1. Introduction

1.1. Alzheimer’s Disease and Its Pathogenesis

Alzheimer’s disease (AD) is a progressive neurodegenerative disorder with memory loss, spatial disorientation, and a marked decline in intellectual capacity. The major clinical characteristics consist of extracellular senile plaques formed by the deposition of amyloid-beta (Aβ) protein, intracellular neurofibrillary tangles composed of hyper-phosphorylated tau protein, increased inflammatory response, and neuron apoptosis and death caused by oxidative stress [1,2,3]. Even though the etiology and pathogenesis of AD has not been fully elucidated [4,5,6], the hypotheses of AD pathogeneses include inflammation, oxidative stress, the accumulation of Aβ protein, lack of cholinergic neurotransmitter, the deposition of tau proteins and heavy metals, as well as the lack of neurotrophic factors, etc.
Increasing evidence suggests that chronic inflammation and oxidative stress play an important role in neurodegenerative diseases. Inflammation is the first response of the immune system to pathogens or irritation, which can produce pro-inflammatory mediators. Both peripheral and central inflammation can activate microglia, microphages in the brain, which can induce neuroinflammation. Many studies have demonstrated that chronic neuroinflammation may promote synaptic loss, cognitive dysfunction and, eventually, neuronal death [7,8,9,10,11]. As a consequence of neuroinflammation, oxidants are released and oxidative stress occurs in the brain, which are observed in the development of AD [12,13]. Reactive oxygen species [3] are the product of aerobic metabolism, and are controlled by antioxidant and intracellular enzymes such as superoxide dismutase [2], catalase, and peroxidase. In physiological conditions, ROS is considered as a signaling molecule produced at low level and in a transient manner. While excessive ROS leads to peroxidation, which can damage DNA, phospholipids, and proteins. Furthermore, these damages can reduce the oxidase activity of cytochrome C in the mitochondria and cause the metabolism disorders, eventually cell apoptosis [14]. Therefore, it becomes a new research direction to prevent and treat AD through suppressing inflammation and oxidation.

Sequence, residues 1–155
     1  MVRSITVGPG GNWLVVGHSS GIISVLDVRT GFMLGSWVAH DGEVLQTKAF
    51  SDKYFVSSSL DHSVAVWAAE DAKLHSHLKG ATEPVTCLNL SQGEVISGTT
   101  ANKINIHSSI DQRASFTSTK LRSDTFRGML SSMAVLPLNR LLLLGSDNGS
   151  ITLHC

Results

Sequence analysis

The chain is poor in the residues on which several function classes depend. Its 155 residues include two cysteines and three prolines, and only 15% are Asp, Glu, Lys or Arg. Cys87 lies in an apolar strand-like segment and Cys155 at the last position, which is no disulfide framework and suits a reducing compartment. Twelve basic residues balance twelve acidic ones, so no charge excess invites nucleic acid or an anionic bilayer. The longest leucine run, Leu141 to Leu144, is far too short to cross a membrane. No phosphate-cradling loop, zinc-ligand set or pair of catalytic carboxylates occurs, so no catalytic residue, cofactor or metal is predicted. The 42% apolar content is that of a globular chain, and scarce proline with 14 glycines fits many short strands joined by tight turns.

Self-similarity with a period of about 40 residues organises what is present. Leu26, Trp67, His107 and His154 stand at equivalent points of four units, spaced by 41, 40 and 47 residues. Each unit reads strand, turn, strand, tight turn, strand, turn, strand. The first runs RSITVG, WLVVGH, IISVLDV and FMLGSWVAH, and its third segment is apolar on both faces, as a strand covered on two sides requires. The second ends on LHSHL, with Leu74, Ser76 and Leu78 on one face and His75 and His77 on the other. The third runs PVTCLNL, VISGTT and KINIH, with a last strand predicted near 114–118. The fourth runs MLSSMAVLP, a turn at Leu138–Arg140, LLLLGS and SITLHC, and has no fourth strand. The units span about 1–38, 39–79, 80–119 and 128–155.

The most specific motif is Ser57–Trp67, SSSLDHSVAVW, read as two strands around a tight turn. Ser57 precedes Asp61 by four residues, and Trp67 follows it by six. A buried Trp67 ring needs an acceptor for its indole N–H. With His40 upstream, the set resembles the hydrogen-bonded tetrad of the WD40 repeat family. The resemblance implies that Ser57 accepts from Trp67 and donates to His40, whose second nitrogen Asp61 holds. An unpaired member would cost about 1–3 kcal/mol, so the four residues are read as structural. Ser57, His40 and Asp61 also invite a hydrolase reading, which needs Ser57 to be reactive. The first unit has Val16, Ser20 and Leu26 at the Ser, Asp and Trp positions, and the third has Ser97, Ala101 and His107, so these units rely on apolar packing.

To understand the etiology of AD and find effective treatments, several classic and new hypotheses of AD have been raised as follows: